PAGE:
Ask Chuck

Location: Whitby, Ontario, Canada

Born in Malta but in Canada since age 5. Has written three books and presently does several columns about wine and food for various magazines.

Wednesday, February 5, 2014

The Five Wine Varieties That Women (and Men) Must Try!

Five Wines Women Should Try!
During the 1990’s wines made from Riesling and Chardonnay were the popular trend with women (and many men). The taste was pleasurable and the wine names were easy to pronounce. Palates have become more sophisticated and attitudes more adventurous. Here are five wines that should be tried by all.    
Viognier: A step from Chardonnay, this grape offers the same potential for creamy wines with many of the tropical fruit that Chardonnay offers but is more distinctive and spicy.  It suits a wide variety of foods and especially goes well with spicy dishes such as Thai food, curried dishes and other oriental cuisine. Try it with spicy West Indian food!
Alvarinho:  This is a Portuguese grape variety that is called Abarino in Spain. It has some reminiscence to Viognier in its tropical fruit flavours but can be more intense and may in fact be a wine that can deliver some aging potential. The wine has a diverse food match or can be enjoyed alone. Try with pork, chicken, turkey or fish soup.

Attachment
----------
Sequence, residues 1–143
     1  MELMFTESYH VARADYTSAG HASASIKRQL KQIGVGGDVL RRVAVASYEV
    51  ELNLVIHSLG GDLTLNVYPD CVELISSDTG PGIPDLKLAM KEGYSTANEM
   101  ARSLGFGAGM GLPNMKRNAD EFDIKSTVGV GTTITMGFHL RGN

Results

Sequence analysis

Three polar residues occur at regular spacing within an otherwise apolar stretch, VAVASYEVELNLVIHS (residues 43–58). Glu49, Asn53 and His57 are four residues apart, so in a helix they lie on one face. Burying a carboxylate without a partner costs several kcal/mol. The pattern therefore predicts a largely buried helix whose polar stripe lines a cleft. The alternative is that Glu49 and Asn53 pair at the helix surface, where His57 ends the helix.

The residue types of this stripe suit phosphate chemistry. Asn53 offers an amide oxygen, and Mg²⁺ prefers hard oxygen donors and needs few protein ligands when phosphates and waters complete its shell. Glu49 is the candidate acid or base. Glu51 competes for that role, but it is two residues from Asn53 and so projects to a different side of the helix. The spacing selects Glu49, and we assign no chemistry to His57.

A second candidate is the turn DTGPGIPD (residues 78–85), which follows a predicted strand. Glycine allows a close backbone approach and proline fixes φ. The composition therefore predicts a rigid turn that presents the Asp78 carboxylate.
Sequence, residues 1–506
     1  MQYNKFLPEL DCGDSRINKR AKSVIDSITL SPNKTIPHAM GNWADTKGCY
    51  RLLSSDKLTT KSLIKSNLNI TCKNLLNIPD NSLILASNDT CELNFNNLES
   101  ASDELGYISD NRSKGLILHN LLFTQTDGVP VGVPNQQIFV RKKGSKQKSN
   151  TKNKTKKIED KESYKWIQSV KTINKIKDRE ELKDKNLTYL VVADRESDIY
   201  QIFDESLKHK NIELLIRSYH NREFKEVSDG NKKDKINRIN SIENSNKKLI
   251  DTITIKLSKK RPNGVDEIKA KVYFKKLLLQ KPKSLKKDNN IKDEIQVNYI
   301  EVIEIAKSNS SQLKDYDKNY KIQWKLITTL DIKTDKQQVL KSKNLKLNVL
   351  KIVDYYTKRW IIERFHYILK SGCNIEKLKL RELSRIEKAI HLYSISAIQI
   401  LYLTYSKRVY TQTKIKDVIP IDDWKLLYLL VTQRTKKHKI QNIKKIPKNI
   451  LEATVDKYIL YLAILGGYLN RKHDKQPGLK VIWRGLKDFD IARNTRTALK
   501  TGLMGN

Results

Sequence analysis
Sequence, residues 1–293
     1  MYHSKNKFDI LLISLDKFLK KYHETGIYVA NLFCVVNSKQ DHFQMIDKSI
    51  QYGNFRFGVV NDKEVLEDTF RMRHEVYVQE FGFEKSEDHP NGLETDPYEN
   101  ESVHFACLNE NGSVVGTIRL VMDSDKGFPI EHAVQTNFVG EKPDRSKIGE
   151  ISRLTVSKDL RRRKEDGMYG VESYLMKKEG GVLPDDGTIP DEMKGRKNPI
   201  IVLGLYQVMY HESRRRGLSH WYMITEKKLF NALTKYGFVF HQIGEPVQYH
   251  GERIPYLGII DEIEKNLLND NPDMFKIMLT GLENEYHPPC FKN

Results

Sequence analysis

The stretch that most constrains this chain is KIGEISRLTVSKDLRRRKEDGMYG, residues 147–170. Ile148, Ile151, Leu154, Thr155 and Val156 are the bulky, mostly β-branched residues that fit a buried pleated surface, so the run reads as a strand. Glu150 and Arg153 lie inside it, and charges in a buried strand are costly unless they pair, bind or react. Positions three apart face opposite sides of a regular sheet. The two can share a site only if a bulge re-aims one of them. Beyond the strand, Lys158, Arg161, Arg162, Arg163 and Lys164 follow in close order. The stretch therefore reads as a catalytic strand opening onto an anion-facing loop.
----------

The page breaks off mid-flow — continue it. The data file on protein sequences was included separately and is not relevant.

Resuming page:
Syrah: Some say that this grape variety found its way to the South of France by way of the Crusades. It later was planted in Australia during the 1830’s where it became known as Shiraz! Whatever the history or name the wine made from it can be incredible. Spicy, deep coloured and flavourful, good Syrah begs for a great cut of meat or game. I would also like to try it with stuffed eggplant and meat filled zucchini!  One does not have to be a wine expert to enjoy Syrah.   
Touriga Nacional: This grape, used in the making of Port, also makes big and flavourful table wines in many parts of Portugal. Its bouquet often has the nuances of violets and black fruit while the palate to me is very reminiscent of a nice Syrah though milder on the pepper spice but very full on the body. A rich wine that goes great with meat dishes such as beef, game and roast pork.
Amarone: While the above five wines above are made from a single variety of the same name, Amarone is a blend of several grapes the majority being Rodinella and Corvina. A third, Molinara, is now deregulated and may be replaced by other grape varieties. The wine is made by first partially drying the grapes before fermentation. The wine is then aged in smaller barrels.  Try this wine with Italian pasta, preferably home-made, steak “Florentine”, grilled vegetables and  wild mushrooms.  
Try these suggestions:
Cline Viognier  California Vintages #128421 $17.95
Cono Sur Vigonier Chile LCBO #64287 $9.95
Casa do Valle Alvarinho Portugal Vintages #276220 $15.95 A great buy/ask for it! 
Casillero del Diablo Shiraz Chile LCBO #568055 $13.95 (Durham)
Crasto Vinho Tinto Portugal Vinho Tinto Touriga Nacional Vintages #81588 $15.95
Zenato Amarone Italy Vintages #413179 $49.95*
*A Zenato wine made from the same grapes and similar in taste for $24.95 is called Ripassa Valpolicella Vintages #479766.